How Anderson Transformed Multiple Myeloma Care

Published: Thursday, Nov 12, 2015
Kenneth C. Anderson, MD

Kenneth C. Anderson, MD

When Kenneth C. Anderson, MD, began his studies at Johns Hopkins Medical School, he fully intended to abandon the basic biological research he loved and focus instead on the sort of general clinical practice that would provide “real benefits to real people.”

Then he met Richard L. Humphrey, MD, a legendary pathology professor, who convinced him that research could provide even greater benefits to real people, if Anderson always followed two simple rules: make science count for patients, and treat patients like family.

Humphrey could not have imagined at the time how right he was. The discoveries that Anderson has made over the past 34 years at the Dana-Farber Cancer Institute have helped spur a revolution in the treatment of multiple myeloma— nine new treatments in less than 15 years.

When Anderson began that work, multiple myeloma was not only incurable, it was basically untreatable. Now, for many, it’s a chronic disease. “I’ve always enjoyed the intellectual challenge of discovering how the disease works and what can disrupt its workings,” said Anderson, who is now the director of the Jerome Lipper Multiple Myeloma Center and LeBow Institute for Myeloma Therapeutics at Dana-Farber in Boston.

“But the real joy has come from watching patients live long enough to enjoy birthdays and graduations and other milestones they would have missed,” he said.

Setting Practical Goals

When Anderson came to Hopkins, Humphrey was culturing multiple myeloma cells in test tubes and bombarding them with potential treatments. The effort did little to change myeloma care, but it did change Anderson’s life. That one experiment illustrated that very basic research could have very practical goals. It also convinced Anderson that myeloma research might prove particularly fruitful.

By that time, bone marrow aspirations made it easy to gather myeloma cells from patients, and even the simplest cultivation techniques kept those cells growing. Myeloma thus ranked among the easier cancers to study in the laboratory, but when Anderson turned his attention to the disease, virtually no one was doing so. After completing his internal medicine residency at Hopkins, Anderson began a medical oncology fellowship at Dana-Farber in 1980, pitching in with ongoing efforts there to develop and test treatment protocols for the first generation of monoclonal antibodies.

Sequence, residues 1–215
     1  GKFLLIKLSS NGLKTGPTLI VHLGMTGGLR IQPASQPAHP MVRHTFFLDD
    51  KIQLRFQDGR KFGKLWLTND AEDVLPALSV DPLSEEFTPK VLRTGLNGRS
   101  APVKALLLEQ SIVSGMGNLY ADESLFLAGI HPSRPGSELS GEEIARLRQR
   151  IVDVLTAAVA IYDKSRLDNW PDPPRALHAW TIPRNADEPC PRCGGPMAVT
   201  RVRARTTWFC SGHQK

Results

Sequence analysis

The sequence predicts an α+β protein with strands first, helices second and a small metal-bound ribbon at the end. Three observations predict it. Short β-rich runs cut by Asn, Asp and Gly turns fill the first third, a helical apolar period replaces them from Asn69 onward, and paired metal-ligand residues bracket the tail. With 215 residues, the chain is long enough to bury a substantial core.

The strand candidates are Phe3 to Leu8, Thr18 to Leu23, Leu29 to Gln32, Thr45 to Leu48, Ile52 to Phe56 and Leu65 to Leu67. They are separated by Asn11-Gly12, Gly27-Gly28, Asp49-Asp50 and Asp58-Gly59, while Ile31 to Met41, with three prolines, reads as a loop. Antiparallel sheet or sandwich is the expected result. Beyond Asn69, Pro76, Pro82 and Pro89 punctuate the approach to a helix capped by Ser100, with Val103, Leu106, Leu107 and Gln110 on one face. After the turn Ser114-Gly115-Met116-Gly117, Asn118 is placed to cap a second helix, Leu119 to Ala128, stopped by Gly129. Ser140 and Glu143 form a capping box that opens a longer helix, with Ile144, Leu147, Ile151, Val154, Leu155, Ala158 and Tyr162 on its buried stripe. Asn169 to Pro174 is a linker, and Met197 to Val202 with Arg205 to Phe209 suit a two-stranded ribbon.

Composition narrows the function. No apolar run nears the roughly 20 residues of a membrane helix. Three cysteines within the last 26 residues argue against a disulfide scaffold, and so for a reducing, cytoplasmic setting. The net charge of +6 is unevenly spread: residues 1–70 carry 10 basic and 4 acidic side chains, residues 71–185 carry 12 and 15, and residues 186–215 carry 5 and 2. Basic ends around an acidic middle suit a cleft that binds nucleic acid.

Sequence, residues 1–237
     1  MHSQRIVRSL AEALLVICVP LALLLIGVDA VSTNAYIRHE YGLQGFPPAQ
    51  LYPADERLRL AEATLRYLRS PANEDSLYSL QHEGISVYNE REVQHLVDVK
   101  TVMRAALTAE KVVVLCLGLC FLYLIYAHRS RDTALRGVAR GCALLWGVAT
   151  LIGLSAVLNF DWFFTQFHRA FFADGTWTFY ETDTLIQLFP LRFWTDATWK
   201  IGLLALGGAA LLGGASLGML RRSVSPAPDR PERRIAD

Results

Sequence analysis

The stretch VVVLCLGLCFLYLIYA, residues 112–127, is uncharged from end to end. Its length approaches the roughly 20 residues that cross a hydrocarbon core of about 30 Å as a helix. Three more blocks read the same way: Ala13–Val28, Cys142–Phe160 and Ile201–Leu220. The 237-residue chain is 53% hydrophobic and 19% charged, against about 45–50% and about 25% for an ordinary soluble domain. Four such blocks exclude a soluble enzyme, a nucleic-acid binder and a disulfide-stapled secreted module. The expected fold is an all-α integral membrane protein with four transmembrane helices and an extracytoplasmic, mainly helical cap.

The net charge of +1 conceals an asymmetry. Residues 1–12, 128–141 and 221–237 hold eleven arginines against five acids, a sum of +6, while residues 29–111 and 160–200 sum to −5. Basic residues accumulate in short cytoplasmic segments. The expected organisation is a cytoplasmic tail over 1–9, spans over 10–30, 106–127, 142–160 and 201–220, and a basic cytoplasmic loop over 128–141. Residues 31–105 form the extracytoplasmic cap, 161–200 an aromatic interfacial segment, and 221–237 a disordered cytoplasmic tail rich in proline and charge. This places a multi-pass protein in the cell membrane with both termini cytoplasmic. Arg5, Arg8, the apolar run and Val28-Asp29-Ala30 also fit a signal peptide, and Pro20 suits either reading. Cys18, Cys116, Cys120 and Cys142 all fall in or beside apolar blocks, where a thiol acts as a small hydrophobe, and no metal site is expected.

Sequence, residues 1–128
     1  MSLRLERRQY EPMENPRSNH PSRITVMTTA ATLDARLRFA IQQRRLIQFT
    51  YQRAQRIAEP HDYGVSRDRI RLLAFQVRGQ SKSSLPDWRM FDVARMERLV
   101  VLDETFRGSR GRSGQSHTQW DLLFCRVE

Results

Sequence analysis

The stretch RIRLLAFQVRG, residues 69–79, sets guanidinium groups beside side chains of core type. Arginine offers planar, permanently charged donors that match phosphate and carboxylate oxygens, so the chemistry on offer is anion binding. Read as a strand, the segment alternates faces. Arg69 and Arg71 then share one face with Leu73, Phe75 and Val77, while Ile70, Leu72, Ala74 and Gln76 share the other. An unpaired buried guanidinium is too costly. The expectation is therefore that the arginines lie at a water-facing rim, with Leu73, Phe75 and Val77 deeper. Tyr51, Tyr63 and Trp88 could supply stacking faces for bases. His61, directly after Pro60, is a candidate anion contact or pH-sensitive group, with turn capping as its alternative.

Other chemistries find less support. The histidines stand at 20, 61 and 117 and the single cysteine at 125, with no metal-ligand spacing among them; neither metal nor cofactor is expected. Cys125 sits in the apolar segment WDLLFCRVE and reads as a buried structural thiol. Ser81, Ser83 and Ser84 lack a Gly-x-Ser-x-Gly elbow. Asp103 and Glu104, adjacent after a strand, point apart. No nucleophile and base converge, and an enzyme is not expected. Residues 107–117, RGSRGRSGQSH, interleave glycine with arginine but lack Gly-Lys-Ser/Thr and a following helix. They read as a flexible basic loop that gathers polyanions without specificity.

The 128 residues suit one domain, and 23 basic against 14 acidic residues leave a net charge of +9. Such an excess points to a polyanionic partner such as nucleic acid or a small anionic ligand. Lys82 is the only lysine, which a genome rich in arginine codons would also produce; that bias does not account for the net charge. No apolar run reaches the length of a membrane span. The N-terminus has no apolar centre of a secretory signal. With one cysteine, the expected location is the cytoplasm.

Anderson first used antibodies to deplete tumor cells from bone marrow taken from patients with multiple myeloma, which was then returned to them to restore blood and immune function after high-dose therapy.

Fewer cancer cells in the transplanted marrow led, in turn, to fewer relapses for transplant patients.

Such work illustrated the breakthrough potential of treatments that prevented tumor cells from interacting normally with their microenvironments and inspired Anderson to embark upon a multidecade quest to understand and model the workings of multiple myeloma. For example, Anderson and his colleagues slowly discovered how multiple myeloma cells used cytokines to develop resistance to many treatments, and they speculated that a cytokine- inhibiting substance could retard the development of drug resistance.

Turning to Thalidomide

The problem was finding a drug that could interfere with cytokines. Anderson gathered as much information as he could about existing and experimental compounds. He tested possible candidates. Nothing offered much promise—until 1997, when Anderson heard that Bart Barlogie, MD, PhD, had undertaken a trial of thalidomide on 84 patients with previously treated multiple myeloma.

The idea for using thalidomide as a cancer treatment came from one of Anderson’s most eminent colleagues at Harvard, the pioneering angiogenesis researcher Judah Folkman, MD, a recipient of the Scientific Advances award of the 2013 Giants of Cancer Care.®

Folkman believed the drug would slow disease progression by depriving cancer of blood. The results, however, far exceeded anyone’s dreams, and Anderson soon suspected that thalidomide acted not only as an angiogenesis inhibitor but also as an immunomodulator, one that prevented the cell-signaling mechanisms that lead to drug resistance.

Research at Anderson’s laboratory confirmed that thalidomide does interfere with cytokines and does delay drug resistance. Better still, all that Anderson had learned about multiple myeloma’s biology over the years enabled him to create models of myeloma in its bone marrow microenvironment that helped predict how to administer the drug for maximum effect, first in animals and then in human patients.

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